DUKW in World War II action. Photo supplied by Jim Gilmore. Courtesy: U.S. Marine Corps
If there ever was a vehicle that deserved a little love, it would be DUKW, or more affectionately named “Duck.” This amphibious wonder of war has gained little recognition from anyone beyond those who saw it in action, but many people have seen and possibly even ridden in a DUKW. Unbeknownst to them, they were witness to a vehicle that helped to shape the outcome of a World War.
Jim Gilmore, a military vehicle historian, restoration expert and member of the Redball Military Transport Club, recently spoke with Motor Age about this amazing vehicle. He owns 18 restored military vehicles ranging from armored cars to Jeeps, and has served as director and Judging Chairman of the Military Vehicle Preservation Association.
“The DUKW was one of those U.S. military innovations that helped to win World War II,” he confirms. Gilmore explains that Armies have always struggled to land an infantry on a beachhead, and vessels made to do so prior to the war were inadequate. While trucks travelled well over land, and boats navigated the sea, there was no true amphibious vehicle that could bridge the gap between the two.
This proved true during the World War I Allied invasion of the German-influenced Ottoman Empire, in the Turkish peninsula at Gallipoli in 1915. Initial attacks were strictly naval in nature. The first naval attack included 12 British and French ships, which attempted to dislodge forward batteries. Met with light resistance, the Allies deemed the attack a moderate success. Subsequent naval attacks, however, were met with stronger resistance as mines were laid in the peninsula. The final attack was defeated when five Allied ships struck mines, sinking four ships.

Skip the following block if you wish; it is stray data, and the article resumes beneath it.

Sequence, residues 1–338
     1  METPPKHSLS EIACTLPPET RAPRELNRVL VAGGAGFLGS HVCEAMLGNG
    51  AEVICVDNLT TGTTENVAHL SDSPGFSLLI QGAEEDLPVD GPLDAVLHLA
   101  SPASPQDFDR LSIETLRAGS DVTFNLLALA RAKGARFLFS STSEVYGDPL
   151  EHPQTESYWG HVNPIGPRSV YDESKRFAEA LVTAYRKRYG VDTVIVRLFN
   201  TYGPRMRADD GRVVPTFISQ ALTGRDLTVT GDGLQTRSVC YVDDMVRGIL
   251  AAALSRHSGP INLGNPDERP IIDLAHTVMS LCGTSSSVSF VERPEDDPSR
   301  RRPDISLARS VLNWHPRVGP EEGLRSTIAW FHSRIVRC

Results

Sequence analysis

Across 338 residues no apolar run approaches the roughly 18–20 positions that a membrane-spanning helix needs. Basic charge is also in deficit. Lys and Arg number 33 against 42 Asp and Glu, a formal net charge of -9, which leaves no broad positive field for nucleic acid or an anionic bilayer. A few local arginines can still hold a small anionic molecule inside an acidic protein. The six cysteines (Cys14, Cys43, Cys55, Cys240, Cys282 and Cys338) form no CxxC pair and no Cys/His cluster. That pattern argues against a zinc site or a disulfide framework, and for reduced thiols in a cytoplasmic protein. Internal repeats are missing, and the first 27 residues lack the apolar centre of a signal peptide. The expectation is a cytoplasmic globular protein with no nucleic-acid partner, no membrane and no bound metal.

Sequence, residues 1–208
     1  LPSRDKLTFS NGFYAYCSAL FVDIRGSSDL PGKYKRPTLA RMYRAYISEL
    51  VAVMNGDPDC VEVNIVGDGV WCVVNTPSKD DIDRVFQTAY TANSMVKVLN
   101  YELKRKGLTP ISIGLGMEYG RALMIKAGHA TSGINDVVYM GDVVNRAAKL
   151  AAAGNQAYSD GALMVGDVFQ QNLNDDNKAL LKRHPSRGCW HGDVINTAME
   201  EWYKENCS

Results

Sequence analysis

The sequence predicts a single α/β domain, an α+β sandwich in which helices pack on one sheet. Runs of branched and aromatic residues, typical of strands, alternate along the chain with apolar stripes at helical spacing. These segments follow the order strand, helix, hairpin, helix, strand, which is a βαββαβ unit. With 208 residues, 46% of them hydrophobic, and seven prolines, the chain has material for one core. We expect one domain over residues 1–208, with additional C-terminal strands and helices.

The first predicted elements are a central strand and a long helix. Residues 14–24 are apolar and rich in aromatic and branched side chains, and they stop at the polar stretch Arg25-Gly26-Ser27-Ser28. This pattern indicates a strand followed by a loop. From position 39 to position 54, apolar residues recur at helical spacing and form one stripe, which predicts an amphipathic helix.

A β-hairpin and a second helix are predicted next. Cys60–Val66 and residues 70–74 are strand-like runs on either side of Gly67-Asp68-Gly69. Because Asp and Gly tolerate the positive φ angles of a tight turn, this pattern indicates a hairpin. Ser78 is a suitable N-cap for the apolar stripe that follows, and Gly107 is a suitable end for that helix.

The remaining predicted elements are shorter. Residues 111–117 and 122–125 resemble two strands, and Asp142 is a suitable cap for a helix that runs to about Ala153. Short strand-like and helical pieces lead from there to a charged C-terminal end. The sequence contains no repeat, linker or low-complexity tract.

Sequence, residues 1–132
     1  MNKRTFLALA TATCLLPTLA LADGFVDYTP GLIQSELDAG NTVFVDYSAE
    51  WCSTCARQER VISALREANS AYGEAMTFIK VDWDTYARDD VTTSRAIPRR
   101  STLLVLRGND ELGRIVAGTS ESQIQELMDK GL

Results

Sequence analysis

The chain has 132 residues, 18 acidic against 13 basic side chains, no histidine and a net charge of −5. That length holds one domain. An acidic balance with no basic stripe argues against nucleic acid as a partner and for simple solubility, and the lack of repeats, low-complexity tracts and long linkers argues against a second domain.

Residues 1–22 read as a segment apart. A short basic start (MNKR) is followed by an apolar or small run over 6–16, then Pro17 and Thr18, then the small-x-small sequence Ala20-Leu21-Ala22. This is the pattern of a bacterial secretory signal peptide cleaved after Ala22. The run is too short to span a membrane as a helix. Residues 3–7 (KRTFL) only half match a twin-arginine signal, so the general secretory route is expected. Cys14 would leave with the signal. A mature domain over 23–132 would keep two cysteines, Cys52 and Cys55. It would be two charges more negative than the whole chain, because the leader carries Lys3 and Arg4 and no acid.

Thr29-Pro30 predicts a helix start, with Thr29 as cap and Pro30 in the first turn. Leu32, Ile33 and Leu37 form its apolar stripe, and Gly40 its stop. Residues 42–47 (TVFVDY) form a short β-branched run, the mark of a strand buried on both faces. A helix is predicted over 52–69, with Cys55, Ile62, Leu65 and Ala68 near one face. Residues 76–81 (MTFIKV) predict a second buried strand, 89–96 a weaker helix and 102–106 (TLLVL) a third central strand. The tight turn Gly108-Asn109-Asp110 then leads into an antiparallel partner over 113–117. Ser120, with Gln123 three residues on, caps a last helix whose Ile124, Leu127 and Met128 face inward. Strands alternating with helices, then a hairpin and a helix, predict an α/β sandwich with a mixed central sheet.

It became obvious after the naval attacks that the Allies needed to deploy ground troops. Thinking that they had softened the resistance with naval bombardments, the Allies deployed rowing boats to carry troops ashore. The boats were woefully inadequate for shore landing, and nonstop Turkish attacks inflicted massive Allied casualties.
It was apparent that precious time was lost disembarking boats and wading to shore. More than anything, this battle proved that more suitable craft was needed to expedite the landing of soldiers and supplies.
“The military really needed a craft that could come right out of the water and keep going,” Gilmore says.